The average age of used cars shoppers looked to buy rose as much as 153.1% in the metro with the biggest age hike. Car buyers in New Orleans in 2021 sought vehicles nearly 10 years older on average than they did in 2020, helping the Big Easy rank as the metro that buys the oldest cars at 16.2 years.
Two other metros — Knoxville, Tenn., and Cleveland — also saw average used car ages more than double:
|Places with the biggest jump in age of used vehicle purchases|
|Rank||Metro||Q2 2020 average age (years)||Q2 2021 average Age (years)||Change (years)||Change (%)|
|1||New Orleans, LA||6.4||16.2||9.8||153.1%|
The metros that buy the oldest used cars closely mirror those that saw the biggest increase in age over the past year.
Milwaukee just overtakes Detroit, buying used cars just slightly older than the Motor City, while Seattle trumps Las Vegas. Denver joins the top 10 with consumers seeking cars slightly older than in Wichita, Kan. — despite Wichita seeing a bigger jump in ages.
|Places that buy the oldest used cars|
|Rank||Metro||Average vehicle age (years)|
|1||New Orleans, LA||16.2|
|8||Las Vegas, NV||9.5|
Floridians evidently may prefer newer cars, with two of the three metros with consumers buying the youngest used vehicles hailing from the Sunshine State, including Miami, where consumers buy the youngest used cars overall at an average of 4.7 years.
Orlando and Houston follow with residents seeking to purchase cars that are an average of 5.1 years old in each metro.
When it comes to the most popular models on the LendingTree platform, the average age of used Chevrolet Tahoes made the biggest jump — 4.1 years — from 2020 to 2021 compared to other similarly popular types of cars consumers sought to purchase. On the contrary, car buyers shopping for Toyota Camrys sought similarly aged vehicles this year compared to last year.
|Consumers sought to finance older used vehicles|
|Type||Make||Model||Q2 2020 average age (years)||Q2 2021 average age (years)||Change (years)||Change (%)|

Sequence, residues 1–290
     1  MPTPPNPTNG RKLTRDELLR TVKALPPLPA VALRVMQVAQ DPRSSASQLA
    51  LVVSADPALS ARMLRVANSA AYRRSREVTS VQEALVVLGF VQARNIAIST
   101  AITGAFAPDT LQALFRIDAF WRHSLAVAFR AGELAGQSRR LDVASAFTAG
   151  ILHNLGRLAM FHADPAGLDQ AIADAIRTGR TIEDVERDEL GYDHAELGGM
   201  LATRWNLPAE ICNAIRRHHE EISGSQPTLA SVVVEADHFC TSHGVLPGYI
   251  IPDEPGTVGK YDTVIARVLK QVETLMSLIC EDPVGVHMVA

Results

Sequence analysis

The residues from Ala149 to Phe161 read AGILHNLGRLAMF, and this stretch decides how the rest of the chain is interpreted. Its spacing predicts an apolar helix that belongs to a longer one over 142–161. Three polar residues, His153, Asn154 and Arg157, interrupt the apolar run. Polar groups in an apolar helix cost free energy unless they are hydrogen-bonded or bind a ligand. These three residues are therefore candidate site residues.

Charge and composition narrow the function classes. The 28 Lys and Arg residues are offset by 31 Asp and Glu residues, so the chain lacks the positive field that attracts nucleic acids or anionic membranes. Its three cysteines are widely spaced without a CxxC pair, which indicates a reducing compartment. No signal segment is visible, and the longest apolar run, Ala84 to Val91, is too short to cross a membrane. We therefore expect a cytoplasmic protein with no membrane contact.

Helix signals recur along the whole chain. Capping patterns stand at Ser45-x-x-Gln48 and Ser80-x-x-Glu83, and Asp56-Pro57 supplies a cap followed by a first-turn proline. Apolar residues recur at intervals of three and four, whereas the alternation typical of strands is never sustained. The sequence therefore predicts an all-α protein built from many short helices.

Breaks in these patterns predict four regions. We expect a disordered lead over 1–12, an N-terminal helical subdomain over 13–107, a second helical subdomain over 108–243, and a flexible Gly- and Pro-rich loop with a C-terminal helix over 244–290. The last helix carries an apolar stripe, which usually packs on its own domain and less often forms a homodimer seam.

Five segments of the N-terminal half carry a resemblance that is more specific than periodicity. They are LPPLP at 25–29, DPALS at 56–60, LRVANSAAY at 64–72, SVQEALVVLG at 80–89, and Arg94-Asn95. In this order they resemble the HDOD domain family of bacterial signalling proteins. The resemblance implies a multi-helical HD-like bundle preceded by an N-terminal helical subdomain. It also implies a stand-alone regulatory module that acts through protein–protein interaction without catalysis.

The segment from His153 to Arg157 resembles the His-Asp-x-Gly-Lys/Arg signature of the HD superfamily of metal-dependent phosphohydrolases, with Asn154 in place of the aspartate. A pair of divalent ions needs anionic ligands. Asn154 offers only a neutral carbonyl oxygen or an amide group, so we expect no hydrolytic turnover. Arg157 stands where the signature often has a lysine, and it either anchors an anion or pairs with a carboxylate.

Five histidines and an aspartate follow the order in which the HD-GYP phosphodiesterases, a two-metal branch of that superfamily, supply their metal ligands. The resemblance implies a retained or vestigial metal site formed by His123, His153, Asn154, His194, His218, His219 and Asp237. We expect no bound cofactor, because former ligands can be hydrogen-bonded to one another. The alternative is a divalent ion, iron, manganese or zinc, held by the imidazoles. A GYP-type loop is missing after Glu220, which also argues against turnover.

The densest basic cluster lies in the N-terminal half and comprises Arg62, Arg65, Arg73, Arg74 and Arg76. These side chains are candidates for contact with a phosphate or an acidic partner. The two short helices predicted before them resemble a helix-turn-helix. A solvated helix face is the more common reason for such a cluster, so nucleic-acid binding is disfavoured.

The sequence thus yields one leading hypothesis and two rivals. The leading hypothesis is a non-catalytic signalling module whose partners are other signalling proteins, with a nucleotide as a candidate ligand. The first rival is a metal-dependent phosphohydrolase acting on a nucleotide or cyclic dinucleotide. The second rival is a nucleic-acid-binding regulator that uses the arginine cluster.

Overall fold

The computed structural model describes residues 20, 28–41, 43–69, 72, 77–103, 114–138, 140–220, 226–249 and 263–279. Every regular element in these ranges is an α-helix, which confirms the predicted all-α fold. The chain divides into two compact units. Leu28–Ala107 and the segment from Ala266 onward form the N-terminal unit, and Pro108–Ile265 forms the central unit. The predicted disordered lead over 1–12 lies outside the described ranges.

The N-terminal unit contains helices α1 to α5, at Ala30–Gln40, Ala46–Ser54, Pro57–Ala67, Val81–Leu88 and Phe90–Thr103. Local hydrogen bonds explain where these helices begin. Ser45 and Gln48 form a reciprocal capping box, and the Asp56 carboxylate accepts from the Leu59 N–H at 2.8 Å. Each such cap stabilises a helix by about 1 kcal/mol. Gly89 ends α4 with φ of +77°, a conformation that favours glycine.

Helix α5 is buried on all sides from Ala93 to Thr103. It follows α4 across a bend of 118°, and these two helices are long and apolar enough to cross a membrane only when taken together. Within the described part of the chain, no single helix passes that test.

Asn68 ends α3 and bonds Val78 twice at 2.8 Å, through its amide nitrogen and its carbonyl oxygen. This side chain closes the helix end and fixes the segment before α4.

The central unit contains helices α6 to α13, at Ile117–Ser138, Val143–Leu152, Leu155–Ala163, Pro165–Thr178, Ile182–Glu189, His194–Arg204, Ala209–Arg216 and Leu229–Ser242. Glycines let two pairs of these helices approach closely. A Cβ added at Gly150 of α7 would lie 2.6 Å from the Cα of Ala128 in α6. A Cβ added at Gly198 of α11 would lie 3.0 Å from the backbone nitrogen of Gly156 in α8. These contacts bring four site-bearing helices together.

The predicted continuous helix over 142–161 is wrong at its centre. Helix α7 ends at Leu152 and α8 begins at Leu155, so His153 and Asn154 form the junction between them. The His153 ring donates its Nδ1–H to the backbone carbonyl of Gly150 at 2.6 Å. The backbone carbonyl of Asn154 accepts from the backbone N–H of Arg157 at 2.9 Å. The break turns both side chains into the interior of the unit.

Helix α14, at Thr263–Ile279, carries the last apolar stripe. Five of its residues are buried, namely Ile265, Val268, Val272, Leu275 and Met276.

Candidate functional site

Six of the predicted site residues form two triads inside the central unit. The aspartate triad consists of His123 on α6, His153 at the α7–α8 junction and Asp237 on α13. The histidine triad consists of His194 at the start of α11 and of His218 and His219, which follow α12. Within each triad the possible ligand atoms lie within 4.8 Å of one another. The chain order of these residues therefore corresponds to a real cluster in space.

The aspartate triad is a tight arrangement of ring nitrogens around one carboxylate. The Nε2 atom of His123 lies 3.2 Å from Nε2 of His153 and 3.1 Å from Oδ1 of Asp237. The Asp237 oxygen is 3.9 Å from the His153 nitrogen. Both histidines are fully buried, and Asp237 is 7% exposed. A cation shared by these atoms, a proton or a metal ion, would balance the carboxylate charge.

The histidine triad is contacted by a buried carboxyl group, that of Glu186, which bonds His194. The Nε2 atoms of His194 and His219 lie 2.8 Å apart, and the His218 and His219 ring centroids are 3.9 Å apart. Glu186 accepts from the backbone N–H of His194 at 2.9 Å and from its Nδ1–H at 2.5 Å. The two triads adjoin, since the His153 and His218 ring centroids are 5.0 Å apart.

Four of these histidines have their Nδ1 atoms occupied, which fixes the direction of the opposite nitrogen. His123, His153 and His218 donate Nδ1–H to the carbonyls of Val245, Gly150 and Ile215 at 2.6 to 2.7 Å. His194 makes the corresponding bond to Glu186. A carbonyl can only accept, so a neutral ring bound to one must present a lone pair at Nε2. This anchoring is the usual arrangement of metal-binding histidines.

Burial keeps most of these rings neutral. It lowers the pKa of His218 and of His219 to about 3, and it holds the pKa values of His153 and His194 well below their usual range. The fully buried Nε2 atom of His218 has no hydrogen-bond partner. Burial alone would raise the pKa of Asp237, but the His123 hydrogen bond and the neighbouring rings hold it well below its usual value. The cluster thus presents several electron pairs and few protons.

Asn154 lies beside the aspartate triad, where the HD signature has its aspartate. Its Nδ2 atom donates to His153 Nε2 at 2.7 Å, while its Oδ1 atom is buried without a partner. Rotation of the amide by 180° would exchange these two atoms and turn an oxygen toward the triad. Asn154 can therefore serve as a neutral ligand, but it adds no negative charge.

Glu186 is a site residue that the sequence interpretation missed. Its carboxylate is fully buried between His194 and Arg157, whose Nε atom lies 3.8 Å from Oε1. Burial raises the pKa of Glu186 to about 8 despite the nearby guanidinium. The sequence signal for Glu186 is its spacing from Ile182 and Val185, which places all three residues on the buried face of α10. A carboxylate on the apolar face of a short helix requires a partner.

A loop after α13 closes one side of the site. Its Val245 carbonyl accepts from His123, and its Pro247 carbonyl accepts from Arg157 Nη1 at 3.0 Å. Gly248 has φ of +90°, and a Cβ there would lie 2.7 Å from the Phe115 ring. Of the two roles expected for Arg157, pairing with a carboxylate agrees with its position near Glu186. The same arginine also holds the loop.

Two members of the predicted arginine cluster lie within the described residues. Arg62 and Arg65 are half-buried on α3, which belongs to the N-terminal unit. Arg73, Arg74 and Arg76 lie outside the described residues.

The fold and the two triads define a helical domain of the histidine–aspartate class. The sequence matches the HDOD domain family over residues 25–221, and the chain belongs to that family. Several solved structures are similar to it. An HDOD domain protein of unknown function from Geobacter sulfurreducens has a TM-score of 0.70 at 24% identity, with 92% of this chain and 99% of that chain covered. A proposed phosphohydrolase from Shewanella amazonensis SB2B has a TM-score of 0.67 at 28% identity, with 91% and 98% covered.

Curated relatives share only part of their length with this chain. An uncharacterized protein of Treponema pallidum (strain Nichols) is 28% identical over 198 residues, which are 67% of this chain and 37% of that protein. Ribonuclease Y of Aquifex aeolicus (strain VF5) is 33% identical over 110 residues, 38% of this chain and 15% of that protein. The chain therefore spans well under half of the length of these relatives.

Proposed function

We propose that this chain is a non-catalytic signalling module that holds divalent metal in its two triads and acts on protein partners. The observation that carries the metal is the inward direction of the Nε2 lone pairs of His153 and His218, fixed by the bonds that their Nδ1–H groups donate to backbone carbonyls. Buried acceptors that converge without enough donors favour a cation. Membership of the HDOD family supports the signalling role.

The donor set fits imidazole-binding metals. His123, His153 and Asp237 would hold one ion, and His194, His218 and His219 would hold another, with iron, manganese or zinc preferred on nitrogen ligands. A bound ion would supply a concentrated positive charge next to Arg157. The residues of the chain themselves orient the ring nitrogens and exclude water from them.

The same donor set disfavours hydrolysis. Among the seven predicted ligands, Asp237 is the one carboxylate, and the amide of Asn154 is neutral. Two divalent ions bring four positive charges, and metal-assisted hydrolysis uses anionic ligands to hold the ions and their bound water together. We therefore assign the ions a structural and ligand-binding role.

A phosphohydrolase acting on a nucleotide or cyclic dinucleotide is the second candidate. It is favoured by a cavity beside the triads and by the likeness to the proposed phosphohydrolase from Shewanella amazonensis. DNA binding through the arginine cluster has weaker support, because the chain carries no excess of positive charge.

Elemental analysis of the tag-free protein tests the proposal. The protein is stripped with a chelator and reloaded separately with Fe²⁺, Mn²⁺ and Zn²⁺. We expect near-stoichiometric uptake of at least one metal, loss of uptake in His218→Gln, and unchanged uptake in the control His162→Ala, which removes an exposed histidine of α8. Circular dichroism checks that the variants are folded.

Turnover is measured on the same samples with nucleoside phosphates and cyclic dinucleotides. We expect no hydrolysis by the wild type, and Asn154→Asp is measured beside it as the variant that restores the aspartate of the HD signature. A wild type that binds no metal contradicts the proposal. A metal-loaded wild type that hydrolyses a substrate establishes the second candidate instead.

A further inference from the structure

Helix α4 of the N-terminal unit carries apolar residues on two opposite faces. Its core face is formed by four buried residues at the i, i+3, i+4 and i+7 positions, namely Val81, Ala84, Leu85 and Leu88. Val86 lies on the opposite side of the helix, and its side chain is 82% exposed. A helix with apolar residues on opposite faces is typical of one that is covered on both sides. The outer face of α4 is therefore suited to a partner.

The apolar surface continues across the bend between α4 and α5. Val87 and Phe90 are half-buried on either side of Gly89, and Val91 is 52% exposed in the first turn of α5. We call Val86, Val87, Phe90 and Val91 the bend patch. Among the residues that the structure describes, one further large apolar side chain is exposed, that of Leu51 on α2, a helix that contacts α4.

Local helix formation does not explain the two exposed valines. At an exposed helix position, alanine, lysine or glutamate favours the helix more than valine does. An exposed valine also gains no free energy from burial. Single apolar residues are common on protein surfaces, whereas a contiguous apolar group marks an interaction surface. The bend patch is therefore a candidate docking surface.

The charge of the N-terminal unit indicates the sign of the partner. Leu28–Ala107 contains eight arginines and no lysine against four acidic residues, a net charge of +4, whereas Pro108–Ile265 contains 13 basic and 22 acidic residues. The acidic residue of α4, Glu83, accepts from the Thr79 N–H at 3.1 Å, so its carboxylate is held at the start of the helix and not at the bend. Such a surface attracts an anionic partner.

Shopping for a car? Get your expectations in gear
While the coronavirus pandemic has created a fairly unique situation for the autos market, LendingTree autos expert Jenn Jones says consumers can expect some of the impacts to last for years to come.
“Greater demand for used cars will continue beyond the pandemic,” she says. “Almost every auto manufacturer made production cuts over the last year, and the microchip shortage kinked the supply chain this summer. The lack of new cars drives prices up across the market.”
For consumers who can’t wait to get a better picture, Jones has some tips to save if you head to a dealer.
- Shop online. Not only can the online car-buying experience keep shoppers safer than shopping in person as the pandemic continues, but it’s an easier way to compare prices rather than visiting multiple dealerships.
- Take a holistic view when it comes to the price. Jones says sellers often try to keep the buyer focused on the monthly car payment, but beware. Make sure you’re not overpaying for your new vehicle or being undersold on your trade-in. Check with industry guides Kelley Blue Book, Edmunds and NADAguides before you shop.
- Don’t accept the first offer. When it comes to financing your car, Jones warns against accepting a dealer’s APR offer. “Dealers can often inflate consumer APRs by two percentage points,” she says. She suggests seeking a loan offer, especially a preapproval from a lender like your bank and then asking the dealer to beat this rate. Be sure to compare auto loan rates at LendingTree to find your best offer available.
Analysts reviewed more than 600,000 anonymized online loan inquiries for auto loans on the LendingTree platform for vehicles that were at least a year old during April to June 2020 and April to June 2021 to determine the average vehicle age during those periods, both nationally and for the 98 largest metropolitan areas in the U.S.
Additionally, researchers calculated the average loan amounts requested for all two-year-old vehicles and five of the most popular models on the LendingTree platform during those periods.
All figures represent preliminary consumer financing interest and don’t purport to be final transaction costs.